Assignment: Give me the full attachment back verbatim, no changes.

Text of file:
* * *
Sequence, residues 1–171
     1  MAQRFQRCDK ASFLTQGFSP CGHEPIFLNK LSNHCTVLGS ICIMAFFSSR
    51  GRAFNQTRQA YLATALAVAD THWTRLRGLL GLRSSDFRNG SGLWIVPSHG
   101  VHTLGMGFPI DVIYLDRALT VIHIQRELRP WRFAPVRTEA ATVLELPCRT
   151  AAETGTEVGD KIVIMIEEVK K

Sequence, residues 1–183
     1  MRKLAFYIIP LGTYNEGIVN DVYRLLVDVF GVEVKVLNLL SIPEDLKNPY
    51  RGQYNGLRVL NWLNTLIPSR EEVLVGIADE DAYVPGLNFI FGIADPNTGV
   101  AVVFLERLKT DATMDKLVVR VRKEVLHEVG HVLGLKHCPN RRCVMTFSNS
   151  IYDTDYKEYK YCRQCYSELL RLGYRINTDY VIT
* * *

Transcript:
Sequence, residues 1–171
     1  MAQRFQRCDK ASFLTQGFSP CGHEPIFLNK LSNHCTVLGS ICIMAFFSSR
    51  GRAFNQTRQA YLATALAVAD THWTRLRGLL GLRSSDFRNG SGLWIVPSHG
   101  VHTLGMGFPI DVIYLDRALT VIHIQRELRP WRFAPVRTEA ATVLELPCRT
   151  AAETGTEVGD KIVIMIEEVK K

Sequence, residues 1–183
     1  MRKLAFYIIP LGTYNEGIVN DVYRLLVDVF GVEVKVLNLL SIPEDLKNPY
    51  RGQYNGLRVL NWLNTLIPSR EEVLVGIADE DAYVPGLNFI FGIADPNTGV
   101  AVVFLERLKT DATMDKLVVR VRKEVLHEVG HVLGLKHCPN RRCVMTFSNS
   151  IYDTDYKEYK YCRQCYSELL RLGYRINTDY VIT